What you need to know about vaccines.
The U.S. Food and Drug Administration (FDA) released on Tuesday its first analysis of data from the Pfizer/BioNTech coronavirus vaccine clinical trials. The agency’s scientists found that the two-dose vaccine candidate was highly effective in participants, regardless of age, race or other risks for severe illness from COVID-19. No safety concerns were identified, but some participants did experience mild to moderate side effects such as injection site pain, fever, fatigue, headache, muscle pain and joint pain, the FDA analysis shows. Next step: The FDA and its outside panel of experts will discuss the data and potential emergency use authorization (EUA) for the vaccine on Dec. 10.
The first coronavirus vaccines may be available as early as mid-December, according to federal officials, following the Dec. 10 and Dec. 17 advisory meetings to review data from the Pfizer and Moderna vaccine trials. If the FDA authorizes a vaccine, distribution will start almost immediately for priority populations — health care workers and staff and residents of long-term care facilities — and the hope is that “administration could begin as soon as the product arrives,” U.S. Health and Human Services (HHS) Secretary Alex Azar said in a news briefing. The U.S. government expects to have 40 million doses of coronavirus vaccine by the end of the year, which is enough to vaccinate 20 million people (a full dose requires two shots).
Britain has started vaccinating its priority populations after granting emergency authorization to Pfizer/BioNTech’s coronavirus vaccine and becoming the first Western country to greenlight vaccination against COVID-19. HHS Secretary Azar said in a recent press briefing that “the approval of another independent regulatory body should give Americans additional confidence in the quality of such a vaccine.”
A federal advisory group of medical and public health experts, known as the Advisory Committee on Immunization Practices (ACIP), said on Dec. 1 that the first coronavirus vaccines should go to health care workers and residents and staff of long-term care facilities once a vaccine is authorized by the FDA and recommended by the ACIP. The U.S. has invested in advanced manufacturing, but even still, initial vaccine supplies will be limited which is why the committee meets to determine prioritization. The recommendations were approved by Centers for Disease Control and Prevention (CDC) Director Robert Redfield.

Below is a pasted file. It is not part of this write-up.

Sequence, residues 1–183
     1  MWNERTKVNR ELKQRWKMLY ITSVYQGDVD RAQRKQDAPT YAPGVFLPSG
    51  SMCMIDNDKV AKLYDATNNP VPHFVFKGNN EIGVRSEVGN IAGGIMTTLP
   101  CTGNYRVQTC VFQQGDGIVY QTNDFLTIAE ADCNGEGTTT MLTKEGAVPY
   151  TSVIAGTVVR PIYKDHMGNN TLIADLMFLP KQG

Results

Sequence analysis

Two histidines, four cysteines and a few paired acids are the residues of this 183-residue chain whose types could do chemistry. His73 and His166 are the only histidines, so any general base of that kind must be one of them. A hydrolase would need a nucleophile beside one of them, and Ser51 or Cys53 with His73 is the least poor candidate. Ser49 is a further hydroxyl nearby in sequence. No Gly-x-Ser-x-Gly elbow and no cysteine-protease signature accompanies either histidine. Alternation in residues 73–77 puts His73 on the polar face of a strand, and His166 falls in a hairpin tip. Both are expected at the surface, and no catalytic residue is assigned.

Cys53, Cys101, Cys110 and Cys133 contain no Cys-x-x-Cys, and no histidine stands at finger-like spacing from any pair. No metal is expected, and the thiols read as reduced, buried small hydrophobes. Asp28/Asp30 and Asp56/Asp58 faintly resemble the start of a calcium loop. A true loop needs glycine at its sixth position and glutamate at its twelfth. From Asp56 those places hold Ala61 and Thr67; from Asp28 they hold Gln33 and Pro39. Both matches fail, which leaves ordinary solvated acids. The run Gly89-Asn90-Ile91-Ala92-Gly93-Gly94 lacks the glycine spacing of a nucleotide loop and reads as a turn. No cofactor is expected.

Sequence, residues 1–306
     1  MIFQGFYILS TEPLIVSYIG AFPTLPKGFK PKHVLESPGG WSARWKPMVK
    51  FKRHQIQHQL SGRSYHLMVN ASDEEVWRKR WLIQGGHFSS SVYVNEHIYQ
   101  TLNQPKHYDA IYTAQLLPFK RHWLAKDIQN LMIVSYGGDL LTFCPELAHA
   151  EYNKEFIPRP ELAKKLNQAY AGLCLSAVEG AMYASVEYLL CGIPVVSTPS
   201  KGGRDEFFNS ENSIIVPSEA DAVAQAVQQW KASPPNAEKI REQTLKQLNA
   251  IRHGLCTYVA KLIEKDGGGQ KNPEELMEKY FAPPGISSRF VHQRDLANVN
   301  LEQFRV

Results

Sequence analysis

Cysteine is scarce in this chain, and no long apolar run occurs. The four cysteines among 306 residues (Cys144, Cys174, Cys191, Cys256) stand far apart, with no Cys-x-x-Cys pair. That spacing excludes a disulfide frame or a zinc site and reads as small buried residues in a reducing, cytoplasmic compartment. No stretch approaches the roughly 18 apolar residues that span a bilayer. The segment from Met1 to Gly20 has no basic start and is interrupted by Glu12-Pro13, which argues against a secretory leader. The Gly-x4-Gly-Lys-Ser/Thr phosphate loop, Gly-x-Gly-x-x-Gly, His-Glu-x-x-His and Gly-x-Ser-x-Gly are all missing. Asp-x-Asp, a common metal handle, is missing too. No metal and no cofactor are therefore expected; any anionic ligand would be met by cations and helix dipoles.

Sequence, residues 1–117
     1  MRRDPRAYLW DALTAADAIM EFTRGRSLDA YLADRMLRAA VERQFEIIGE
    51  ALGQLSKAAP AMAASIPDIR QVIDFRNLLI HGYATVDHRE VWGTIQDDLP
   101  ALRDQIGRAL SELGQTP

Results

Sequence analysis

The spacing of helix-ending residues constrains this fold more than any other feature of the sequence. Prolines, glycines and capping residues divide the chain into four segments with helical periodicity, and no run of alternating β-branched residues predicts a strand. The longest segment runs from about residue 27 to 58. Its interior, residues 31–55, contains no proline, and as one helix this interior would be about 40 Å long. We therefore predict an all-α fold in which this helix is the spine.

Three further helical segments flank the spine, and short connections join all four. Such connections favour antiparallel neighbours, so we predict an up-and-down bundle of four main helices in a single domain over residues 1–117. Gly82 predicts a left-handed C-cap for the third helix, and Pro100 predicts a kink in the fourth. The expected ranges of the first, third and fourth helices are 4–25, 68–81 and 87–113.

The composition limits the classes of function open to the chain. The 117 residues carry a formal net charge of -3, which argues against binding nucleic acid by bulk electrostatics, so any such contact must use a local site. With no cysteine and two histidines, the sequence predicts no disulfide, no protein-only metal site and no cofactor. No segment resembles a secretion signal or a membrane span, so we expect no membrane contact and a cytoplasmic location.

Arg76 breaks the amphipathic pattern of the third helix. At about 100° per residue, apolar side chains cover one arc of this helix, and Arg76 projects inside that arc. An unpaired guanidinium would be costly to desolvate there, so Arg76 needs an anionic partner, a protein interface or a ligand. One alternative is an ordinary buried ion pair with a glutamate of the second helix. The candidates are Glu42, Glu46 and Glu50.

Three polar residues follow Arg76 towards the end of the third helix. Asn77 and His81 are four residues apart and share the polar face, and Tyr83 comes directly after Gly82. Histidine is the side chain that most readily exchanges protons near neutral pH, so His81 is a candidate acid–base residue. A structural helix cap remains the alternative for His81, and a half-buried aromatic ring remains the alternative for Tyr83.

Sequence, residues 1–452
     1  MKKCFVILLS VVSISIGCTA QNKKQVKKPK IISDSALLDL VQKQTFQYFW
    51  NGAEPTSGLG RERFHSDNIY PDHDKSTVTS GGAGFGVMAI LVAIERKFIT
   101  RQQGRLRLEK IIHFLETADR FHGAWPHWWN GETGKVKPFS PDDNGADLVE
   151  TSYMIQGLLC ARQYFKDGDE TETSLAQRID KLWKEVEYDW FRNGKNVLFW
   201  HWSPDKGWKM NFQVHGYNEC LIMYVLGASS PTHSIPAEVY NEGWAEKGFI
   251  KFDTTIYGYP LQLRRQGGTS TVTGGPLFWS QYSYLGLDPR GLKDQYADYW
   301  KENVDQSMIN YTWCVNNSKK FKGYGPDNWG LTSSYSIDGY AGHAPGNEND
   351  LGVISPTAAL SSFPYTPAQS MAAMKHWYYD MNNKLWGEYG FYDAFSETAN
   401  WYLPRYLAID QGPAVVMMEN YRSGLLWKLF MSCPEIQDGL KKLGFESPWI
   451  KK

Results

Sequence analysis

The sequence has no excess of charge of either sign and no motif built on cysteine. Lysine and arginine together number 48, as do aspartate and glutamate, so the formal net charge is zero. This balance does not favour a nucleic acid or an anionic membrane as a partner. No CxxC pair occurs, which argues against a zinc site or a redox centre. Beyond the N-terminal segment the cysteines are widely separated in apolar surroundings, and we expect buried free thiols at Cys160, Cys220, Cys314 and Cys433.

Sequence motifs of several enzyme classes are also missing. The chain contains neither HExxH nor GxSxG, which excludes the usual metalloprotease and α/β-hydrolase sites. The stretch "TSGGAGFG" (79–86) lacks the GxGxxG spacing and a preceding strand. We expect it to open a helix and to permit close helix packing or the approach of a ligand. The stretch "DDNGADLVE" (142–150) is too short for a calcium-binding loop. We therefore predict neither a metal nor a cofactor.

Nearly 60 percent of Americans ages 50 to 80 said they are somewhat or very likely to get a coronavirus vaccine when one becomes available, according to a new survey from University of Michigan’s National Poll on Healthy Aging. That number shot up even higher when researchers asked the question a different way, although it exposed some hesitancy: One in five older adults indicated they want to get a vaccine to protect against COVID-19 as soon as possible; nearly half (46 percent) said they want to wait to get a vaccine until others have received it. The greatest interest in getting a vaccine was among those 65 to 80, the poll found. Older adults are at increased risk for hospitalization and death from COVID-19.
Another vaccine candidate is showing promising results in its phase 3 clinical trials. Pharmaceutical company AstraZeneca with Oxford University announced on Nov. 23 that its coronavirus vaccine was found to be about 70 percent effective, on average, at preventing COVID-19 when administered at two different dosing regimens in an interim analysis in its clinical trials in the U.K. and Brazil. The company is also testing the vaccine in clinical trials in the U.S., Japan, Russia, South Africa, Kenya and Latin America; the information from these trials is not yet available. Both the Pfizer/BioNTech and Moderna vaccines have reported efficacy rates of more than 90 percent.